As Amanda Terkel noted, when Mullen "was asked whether, at some point, forces will be ordered to take out Libyan leader Moammar Gaddafi, he said, 'I wouldn't speculate what the mission might be in the future.'"

2) Insufficient resources

If the mission creeps -- or, if it drags on -- then history also suggests we're likely to end up with the worst of both worlds: a broad mandate coupled with insufficient resources to do the job right. 

This is almost always the case in the UN system, which has no independent source of funding and must rely on the dues and pledges of its member states to undertake any action. It's the same whether you want to talk about humanitarian intervention or relief from famine, drought or natural disaster. At the beginning, with shocking footage of rebel forces being massacred, children starving or tsunamis hitting the beach flashing across the world's TV screens, it's easy to commit all kinds of resources to help. But these actions are costly, and those resources have to be authorized by domestic legislatures. And it's not just the money at stake -- national governments also have to deal with all manner of domestic and international political calculations.

In the case of military interventions, under-funding can lead to disastrous results, with the most obvious example being the horrific failure of UNAMIR leading up to and during the Rwanda genocide. Afterward, Canadian Lieutenant-General Romeo Dallaire, commander of the UN mission, famously claimed that with 5,000 more troops he could have halted the killing.

 3) Politicization

Finally, the nature of the UN decision-making process itself is a huge challenge to these kinds of interventions being viewed as legitimate. Central to the "responsibility to protect" concept is that it is based on an imperative to uphold certain basic human rights, and not on international political (or economic) considerations. So the entire venture rests on the decision of when and where to intervene being made in some relatively apolitical fashion. In the real world, of course, given that the power of the Security Council, and thus the entire United Nations system, rests in the hands of the five permanent, veto-wielding members -- the most powerful states, each with its own internal and external politics to manage -- this is impossible to achieve.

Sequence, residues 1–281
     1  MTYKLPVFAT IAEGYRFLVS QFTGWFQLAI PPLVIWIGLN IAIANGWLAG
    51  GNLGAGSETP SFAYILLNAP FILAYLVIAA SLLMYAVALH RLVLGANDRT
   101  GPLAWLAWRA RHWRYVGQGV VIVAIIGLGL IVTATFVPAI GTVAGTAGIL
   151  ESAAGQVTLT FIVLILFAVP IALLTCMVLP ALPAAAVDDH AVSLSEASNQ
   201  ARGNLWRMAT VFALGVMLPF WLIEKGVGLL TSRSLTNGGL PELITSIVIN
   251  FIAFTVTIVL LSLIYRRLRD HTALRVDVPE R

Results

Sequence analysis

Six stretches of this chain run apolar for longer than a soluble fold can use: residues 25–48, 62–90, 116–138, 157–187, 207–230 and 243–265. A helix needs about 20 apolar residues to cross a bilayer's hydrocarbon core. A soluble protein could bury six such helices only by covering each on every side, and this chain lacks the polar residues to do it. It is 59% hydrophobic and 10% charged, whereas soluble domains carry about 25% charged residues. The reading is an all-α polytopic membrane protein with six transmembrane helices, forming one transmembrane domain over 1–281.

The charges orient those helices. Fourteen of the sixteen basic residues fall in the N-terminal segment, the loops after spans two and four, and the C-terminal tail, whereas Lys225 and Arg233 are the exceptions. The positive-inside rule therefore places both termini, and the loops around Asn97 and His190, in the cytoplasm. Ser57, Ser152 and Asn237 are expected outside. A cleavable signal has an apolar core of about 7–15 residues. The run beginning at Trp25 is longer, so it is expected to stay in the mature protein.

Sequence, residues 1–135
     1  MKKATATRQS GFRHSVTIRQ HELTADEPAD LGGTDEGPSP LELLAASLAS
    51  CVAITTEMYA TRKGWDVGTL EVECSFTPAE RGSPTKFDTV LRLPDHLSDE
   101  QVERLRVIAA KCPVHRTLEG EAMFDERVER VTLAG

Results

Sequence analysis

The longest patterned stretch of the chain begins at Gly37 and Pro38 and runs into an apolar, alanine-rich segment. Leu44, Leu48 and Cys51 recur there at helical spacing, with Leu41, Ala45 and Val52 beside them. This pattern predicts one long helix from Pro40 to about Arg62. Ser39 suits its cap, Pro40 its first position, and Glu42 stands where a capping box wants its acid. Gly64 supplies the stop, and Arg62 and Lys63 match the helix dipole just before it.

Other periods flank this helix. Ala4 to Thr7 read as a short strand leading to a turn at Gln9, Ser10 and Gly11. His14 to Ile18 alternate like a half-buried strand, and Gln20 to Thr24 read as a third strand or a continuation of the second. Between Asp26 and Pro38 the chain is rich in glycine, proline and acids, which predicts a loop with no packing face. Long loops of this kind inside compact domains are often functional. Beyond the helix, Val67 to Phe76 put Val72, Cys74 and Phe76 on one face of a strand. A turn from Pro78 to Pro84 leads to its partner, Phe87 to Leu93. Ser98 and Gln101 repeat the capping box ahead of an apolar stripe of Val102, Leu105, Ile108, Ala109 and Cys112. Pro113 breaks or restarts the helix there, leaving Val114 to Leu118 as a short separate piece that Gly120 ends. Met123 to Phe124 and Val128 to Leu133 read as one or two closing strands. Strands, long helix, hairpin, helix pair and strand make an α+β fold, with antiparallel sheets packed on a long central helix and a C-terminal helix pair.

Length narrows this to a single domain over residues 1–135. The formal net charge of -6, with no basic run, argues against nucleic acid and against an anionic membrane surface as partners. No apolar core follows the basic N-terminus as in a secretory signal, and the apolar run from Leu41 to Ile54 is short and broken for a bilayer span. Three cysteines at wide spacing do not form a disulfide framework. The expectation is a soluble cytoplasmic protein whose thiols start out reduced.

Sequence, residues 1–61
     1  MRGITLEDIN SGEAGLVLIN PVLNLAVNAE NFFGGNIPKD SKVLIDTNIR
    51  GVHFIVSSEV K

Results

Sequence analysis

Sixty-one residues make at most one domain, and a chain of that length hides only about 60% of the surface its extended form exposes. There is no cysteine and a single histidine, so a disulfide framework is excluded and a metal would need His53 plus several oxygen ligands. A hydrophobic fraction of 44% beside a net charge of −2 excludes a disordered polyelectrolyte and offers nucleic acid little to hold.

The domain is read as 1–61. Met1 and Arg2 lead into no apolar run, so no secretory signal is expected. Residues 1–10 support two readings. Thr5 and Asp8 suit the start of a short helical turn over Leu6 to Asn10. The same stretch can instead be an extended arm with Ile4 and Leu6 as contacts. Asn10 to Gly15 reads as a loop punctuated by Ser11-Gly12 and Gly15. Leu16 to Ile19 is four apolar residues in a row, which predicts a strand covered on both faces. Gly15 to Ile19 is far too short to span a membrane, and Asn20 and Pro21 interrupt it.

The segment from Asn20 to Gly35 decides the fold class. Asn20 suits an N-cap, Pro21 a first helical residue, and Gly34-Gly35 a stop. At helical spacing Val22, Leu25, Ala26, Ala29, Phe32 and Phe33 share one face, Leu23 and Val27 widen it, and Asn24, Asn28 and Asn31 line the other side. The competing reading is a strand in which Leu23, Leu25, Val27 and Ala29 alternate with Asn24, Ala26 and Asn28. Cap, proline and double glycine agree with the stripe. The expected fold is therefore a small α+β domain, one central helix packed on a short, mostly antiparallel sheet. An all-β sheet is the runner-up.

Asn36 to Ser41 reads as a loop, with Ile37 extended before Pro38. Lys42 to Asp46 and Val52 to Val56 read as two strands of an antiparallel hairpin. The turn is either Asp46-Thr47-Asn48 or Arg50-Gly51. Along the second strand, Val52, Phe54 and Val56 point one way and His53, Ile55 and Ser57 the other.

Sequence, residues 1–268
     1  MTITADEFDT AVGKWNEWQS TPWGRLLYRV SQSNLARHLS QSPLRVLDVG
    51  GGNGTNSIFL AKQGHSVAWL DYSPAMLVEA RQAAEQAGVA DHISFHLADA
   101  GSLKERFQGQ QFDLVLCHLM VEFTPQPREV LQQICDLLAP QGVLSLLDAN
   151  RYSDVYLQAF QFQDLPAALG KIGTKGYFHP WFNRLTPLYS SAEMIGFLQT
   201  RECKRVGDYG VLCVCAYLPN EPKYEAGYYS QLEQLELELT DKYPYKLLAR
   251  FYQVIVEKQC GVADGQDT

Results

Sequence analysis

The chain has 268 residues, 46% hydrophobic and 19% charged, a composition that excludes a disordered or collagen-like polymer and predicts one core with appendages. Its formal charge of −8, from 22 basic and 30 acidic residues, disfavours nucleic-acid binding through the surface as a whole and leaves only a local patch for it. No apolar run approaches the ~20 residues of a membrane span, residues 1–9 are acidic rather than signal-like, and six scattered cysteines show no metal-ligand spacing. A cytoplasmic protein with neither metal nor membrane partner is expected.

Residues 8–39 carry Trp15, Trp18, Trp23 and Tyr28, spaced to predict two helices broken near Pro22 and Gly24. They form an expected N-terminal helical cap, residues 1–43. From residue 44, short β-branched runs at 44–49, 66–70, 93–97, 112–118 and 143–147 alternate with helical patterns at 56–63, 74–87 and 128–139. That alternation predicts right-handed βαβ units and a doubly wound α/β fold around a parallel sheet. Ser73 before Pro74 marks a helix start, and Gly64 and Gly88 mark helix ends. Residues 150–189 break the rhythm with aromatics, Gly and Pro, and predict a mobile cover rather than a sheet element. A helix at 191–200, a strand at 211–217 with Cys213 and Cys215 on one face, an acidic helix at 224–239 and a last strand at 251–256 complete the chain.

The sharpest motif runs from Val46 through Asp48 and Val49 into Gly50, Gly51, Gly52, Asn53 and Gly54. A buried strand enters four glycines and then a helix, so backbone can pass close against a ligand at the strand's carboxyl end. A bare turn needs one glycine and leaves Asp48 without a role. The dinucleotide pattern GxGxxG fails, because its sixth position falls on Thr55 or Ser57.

That an intervention be widely perceived as legitimate is not just some abstract academic issue. Combatants are far less likely to engage in the political process that must always accompany such actions if they view them as prettied-up acts of neo-colonialism or cover for other, more powerful states' agendas. It is an almost surreal inconsistency that the West is intervening against a despot in Libya even as its closest allies in the region intervene to support another in neighboring Bahrain.

So, again, many who oppose -- or are at least skeptical of humanitarian intervention -- support it in theory, and have long argued for reforms that might address these issues. That they're frequently portrayed as "isolationists" is a bitter irony.

Security Council reform -- gradually phasing out the veto power enjoyed by "permanent five," or providing a mechanism to override a veto -- has been a long-time goal of human rights activists. But, as you might imagine, the P-5 have fought it tooth-and-nail.

There have also long been calls for a dedicated and independent UN intervention force, which wouldn't rest on the ad-hoc pledges of UN member states. Similarly, reformers have long argued that an independent funding mechanism for UN actions -- both military and humanitarian -- must be created through some variation of the "Lula Fund" or "Tobin tax."

A final but important note: anyone who holds an idealized view of "clean" and "precise" modern warfare is simply deluded. Despite being widely portrayed by the media as a UN air patrol designed to deny the regime's forces the capacity to wipe out their enemies from above, Western powers are dropping tons of munitions on Libya. Make no mistake: innocent people will die. There will be "collateral damage" -- it's the nature of the game, and that can't be ignored. Whether one ultimately supports or opposes this "no-fly zone," those who find themselves conflicted about this sudden war should, at a minimum, oppose its escalation into a broader conflict.

Hopefully, it will work exactly as promised -- lives will be spared, opposition forces will be emboldened and the Libyan regime will crumble under the pressure of international isolation. Hopefully, the skeptics among us will be proven wrong. But it's important to understand that the history of these adventures, no matter how well intentioned, doesn't provide much cause for optimism. And one doesn't have to be an "isolationist" to see that.